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Trump is shaping new ‘liberal’ order to block Russia, China, Iran, says Mike Pompeo

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U.S. President Donald Trump’s top diplomat promised on Tuesday a new democratic world order in which Washington will strengthen or jettison international agreements as it sees fit to stop “bad actors” such as Russia, China and Iran from gaining.

In a twist on Trump’s “America First” policy, U.S. Secretary of State Mike Pompeo said Trump was not abandoning its global leadership but instead reshaping the post-World War Two system on the basis of sovereign states, not multilateral institutions.

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“In the finest traditions of our great democracy, we are rallying the noble nations to build a new liberal order that prevents war and achieves greater prosperity,” Pompeo told diplomats and officials in a foreign policy speech.

“We are acting to preserve, protect, and advance an open, just, transparent and free world of sovereign states,” Pompeo said, adding that China’s ability to benefit from the current U.S.-led system of trade and other agreements was an example of “the poisoned fruit of American retreat.”

Pompeo, a former Army officer who is regarded as a Trump loyalist with hawkish world views, said Trump was also pushing both the World Bank and the International Monetary Fund to stop funding countries such as China, saying they already had access to financial markets to raise capital.

Pompeo’s address, which was met with polite applause, rejected concerns among many traditional U.S. allies that Trump is undermining the West by withdrawing from climate, free-trade and arms control accords.

Pompeo said such criticism was “plain wrong.”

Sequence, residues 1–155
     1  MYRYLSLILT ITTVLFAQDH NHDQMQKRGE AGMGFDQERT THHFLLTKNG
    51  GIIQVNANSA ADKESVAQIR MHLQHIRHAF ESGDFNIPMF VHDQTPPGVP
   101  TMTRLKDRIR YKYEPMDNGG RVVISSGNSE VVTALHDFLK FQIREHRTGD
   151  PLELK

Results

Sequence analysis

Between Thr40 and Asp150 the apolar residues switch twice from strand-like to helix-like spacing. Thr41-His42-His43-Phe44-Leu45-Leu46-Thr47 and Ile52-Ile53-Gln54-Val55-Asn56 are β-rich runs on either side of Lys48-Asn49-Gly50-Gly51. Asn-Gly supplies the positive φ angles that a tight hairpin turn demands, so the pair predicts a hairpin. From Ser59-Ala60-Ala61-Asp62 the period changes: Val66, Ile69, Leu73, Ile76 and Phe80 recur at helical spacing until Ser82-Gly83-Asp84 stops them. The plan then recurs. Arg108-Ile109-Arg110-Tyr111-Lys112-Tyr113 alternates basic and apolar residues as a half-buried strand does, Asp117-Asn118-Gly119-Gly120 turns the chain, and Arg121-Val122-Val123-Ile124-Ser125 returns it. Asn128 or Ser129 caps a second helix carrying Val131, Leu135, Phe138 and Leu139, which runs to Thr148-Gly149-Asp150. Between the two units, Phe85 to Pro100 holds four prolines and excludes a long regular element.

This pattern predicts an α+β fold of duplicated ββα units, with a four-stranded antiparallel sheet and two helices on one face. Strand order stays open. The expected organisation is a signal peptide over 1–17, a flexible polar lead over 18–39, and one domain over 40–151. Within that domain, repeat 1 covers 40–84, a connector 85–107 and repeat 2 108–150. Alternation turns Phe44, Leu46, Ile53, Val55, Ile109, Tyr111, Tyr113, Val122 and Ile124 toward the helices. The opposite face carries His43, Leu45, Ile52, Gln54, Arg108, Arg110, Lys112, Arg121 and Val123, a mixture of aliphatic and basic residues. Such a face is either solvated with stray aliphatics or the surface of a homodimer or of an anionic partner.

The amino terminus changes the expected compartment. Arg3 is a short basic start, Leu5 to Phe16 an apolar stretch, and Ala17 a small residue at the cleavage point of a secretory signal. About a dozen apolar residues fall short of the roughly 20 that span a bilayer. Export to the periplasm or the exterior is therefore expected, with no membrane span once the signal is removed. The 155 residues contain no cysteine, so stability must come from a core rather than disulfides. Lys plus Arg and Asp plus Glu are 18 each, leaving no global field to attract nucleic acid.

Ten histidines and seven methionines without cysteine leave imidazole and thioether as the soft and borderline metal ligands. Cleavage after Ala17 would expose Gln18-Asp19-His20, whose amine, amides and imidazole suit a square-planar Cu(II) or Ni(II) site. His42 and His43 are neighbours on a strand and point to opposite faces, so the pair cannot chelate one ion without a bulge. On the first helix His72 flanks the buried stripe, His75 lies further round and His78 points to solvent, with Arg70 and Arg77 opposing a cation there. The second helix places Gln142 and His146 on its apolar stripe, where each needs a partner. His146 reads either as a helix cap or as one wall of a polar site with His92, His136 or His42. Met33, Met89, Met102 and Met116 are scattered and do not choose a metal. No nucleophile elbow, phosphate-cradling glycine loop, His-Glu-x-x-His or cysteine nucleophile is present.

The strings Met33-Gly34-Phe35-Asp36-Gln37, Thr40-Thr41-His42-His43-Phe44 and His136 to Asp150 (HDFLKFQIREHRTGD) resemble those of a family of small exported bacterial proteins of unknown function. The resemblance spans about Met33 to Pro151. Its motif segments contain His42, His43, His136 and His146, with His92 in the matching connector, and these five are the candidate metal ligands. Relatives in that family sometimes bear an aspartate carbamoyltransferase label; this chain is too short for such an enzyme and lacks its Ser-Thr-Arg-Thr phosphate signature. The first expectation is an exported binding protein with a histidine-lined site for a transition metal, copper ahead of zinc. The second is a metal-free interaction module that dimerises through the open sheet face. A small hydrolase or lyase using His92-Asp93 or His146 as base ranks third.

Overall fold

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Pompeo said Trump was reforming the liberal order, not destroying it. He cited Britain’s decision to quit the European Union as a sign supranational organizations were not working.

He also took aim at “bureaucrats” responsible for upholding multilateralism “as an end in itself” and cast doubt on the EU’s commitment to its citizens.

That drew a rare rebuke from the European Commission, the bloc’s executive.

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Asked to reply to the Secretary of State’s remarks, its chief spokesman offered an explanation of how the EU executive is subject to control by citizens via the directly elected European Parliament and by the governments of the member states.

“So for those people who come to Brussels and coin an opinion without knowing how our system works, that’s how our system works. And that’s our reply,” Margaritis Schinas said.

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Pompeo’s speech marks the latest attempt by a Trump official to place the president’s decisions into a coherent policy plan, after visits to Brussels by his vice president and other senior U.S. officials.

European leaders are troubled by Trump’s rhetoric and say that his decision to pull out of the Paris climate change accord and the 2015 Iran nuclear deal undermine European priorities.

Alluding to Trump’s policies in a speech on Monday in Cambridge, Massachusetts, EU foreign policy chief Federica Mogherini warned of “the rule of the jungle” replacing the rule of law.

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Pompeo said the United States was acting correctly.

“Our administration is … lawfully exiting or renegotiating outdated or harmful treaties, trade agreements, and other international arrangements that don’t serve our sovereign interests, or the interest of our allies,” he said.

Under pressure from Washington, the U.S.-led NATO alliance is expected later on Tuesday to declare Russia in formal breach of a nuclear arms control treaty, paving the way for Trump to withdraw from the Cold War-era agreement.